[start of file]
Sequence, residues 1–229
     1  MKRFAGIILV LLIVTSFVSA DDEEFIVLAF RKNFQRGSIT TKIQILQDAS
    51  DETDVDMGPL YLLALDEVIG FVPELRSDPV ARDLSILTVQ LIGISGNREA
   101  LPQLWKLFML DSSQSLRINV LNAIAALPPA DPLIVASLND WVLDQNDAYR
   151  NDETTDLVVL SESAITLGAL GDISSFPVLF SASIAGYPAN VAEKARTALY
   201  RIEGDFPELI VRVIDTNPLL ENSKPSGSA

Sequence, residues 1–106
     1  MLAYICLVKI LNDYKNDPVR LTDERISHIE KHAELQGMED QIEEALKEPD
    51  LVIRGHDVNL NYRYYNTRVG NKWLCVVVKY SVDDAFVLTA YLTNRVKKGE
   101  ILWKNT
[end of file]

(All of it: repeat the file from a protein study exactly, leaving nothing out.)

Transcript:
Sequence, residues 1–229
     1  MKRFAGIILV LLIVTSFVSA DDEEFIVLAF RKNFQRGSIT TKIQILQDAS
    51  DETDVDMGPL YLLALDEVIG FVPELRSDPV ARDLSILTVQ LIGISGNREA
   101  LPQLWKLFML DSSQSLRINV LNAIAALPPA DPLIVASLND WVLDQNDAYR
   151  NDETTDLVVL SESAITLGAL GDISSFPVLF SASIAGYPAN VAEKARTALY
   201  RIEGDFPELI VRVIDTNPLL ENSKPSGSA

Sequence, residues 1–106
     1  MLAYICLVKI LNDYKNDPVR LTDERISHIE KHAELQGMED QIEEALKEPD
    51  LVIRGHDVNL NYRYYNTRVG NKWLCVVVKY SVDDAFVLTA YLTNRVKKGE
   101  ILWKNT